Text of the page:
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Dinilysia, Cretaceous snake (free pdf!)

From: Ben Creisler

This paper was out in advance online some time back but now is
available for free:

ZAHER, H. and SCANFERLA, C. A. (2012)
The skull of the Upper Cretaceous snake Dinilysia patagonica
Smith-Woodward, 1901, and its phylogenetic position revisited.
Zoological Journal of the Linnean Society, 164: 194–238.
doi: 10.1111/j.1096-3642.2011.00755.x

The cranial anatomy of Dinilysia patagonica, a terrestrial snake from
the Upper Cretaceous of Argentina, is redescribed and illustrated,
based on high-resolution X-ray computed tomography and better
preparations made on previously known specimens, including the
holotype. Previously unreported characters reinforce the intriguing
mosaic nature of the skull of Dinilysia, with a suite of plesiomorphic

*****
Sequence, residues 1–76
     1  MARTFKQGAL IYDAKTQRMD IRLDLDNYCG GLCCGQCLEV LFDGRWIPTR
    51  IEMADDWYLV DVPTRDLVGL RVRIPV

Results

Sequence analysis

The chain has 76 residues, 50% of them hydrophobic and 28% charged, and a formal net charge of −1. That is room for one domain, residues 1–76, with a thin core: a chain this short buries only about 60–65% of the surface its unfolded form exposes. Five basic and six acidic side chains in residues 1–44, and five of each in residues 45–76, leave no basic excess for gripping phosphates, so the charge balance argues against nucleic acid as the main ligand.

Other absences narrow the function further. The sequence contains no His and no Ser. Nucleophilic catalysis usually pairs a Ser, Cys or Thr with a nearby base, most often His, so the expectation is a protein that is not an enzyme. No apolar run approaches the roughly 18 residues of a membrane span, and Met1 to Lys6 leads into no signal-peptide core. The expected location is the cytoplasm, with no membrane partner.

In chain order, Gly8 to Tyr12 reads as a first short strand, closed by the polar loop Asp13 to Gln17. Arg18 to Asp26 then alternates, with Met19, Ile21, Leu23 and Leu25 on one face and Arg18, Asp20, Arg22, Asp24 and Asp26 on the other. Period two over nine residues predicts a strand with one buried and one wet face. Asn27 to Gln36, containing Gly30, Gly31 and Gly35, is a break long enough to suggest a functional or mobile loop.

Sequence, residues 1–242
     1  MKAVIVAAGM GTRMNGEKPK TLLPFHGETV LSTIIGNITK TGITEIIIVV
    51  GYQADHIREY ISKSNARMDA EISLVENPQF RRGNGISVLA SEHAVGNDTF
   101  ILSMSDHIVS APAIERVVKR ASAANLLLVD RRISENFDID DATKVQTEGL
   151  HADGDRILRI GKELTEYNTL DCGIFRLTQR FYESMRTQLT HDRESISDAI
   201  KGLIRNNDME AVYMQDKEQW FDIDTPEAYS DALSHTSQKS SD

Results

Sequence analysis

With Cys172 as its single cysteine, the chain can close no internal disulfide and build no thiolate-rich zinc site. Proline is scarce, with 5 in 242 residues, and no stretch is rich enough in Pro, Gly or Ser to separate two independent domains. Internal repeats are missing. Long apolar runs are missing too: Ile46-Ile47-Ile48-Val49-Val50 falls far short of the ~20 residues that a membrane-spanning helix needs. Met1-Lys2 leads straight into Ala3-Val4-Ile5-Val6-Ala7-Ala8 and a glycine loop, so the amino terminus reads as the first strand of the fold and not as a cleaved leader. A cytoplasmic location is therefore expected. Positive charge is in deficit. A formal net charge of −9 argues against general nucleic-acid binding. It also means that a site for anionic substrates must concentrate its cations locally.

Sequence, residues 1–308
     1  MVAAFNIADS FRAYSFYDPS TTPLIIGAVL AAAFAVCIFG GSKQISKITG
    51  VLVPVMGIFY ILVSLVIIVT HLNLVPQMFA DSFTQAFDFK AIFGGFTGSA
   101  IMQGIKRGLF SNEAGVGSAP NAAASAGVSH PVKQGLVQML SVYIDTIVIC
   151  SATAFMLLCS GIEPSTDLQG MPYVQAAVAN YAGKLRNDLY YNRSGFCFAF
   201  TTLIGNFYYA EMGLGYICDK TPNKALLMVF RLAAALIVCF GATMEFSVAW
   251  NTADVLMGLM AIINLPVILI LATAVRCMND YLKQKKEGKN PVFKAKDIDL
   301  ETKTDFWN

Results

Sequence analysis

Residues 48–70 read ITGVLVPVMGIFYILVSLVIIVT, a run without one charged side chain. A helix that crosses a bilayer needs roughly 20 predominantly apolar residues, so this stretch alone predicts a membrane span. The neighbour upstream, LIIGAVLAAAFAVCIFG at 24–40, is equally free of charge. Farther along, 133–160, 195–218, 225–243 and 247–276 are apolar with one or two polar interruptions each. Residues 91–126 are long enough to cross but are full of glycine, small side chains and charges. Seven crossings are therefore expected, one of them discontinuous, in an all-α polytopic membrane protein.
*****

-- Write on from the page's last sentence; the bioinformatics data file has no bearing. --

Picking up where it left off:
and apomorphic characters with respect to extant snakes. Newly
recognized plesiomorphies are the absence of the medial vertical
flange of the nasal, lateral position of the prefrontal, lizard-like
contact between vomer and palatine, floor of the recessus scalae
tympani formed by the basioccipital, posterolateral corners of the
basisphenoid strongly ventrolaterally projected, and absence of a
medial parietal pillar separating the telencephalon and mesencephalon,
amongst others. We also reinterpreted the structures forming the otic
region of Dinilysia, confirming the presence of a crista
circumfenestralis, which represents an important derived ophidian
synapomorphy. Both plesiomorphic and apomorphic traits of Dinilysia
are treated in detail and illustrated accordingly. Results of a
phylogenetic analysis support a basal position of Dinilysia, as the
sister-taxon to all extant snakes. The fossil taxa Yurlunggur,
Haasiophis, Eupodophis, Pachyrhachis, and Wonambi appear as derived
snakes nested within the extant clade Alethinophidia, as stem-taxa to
the crown-clade Macrostomata. The hypothesis of a sister-group
relationship between Dinilysia and Najash rionegrina, as suggested by
some authors, is rejected by the results of our analysis.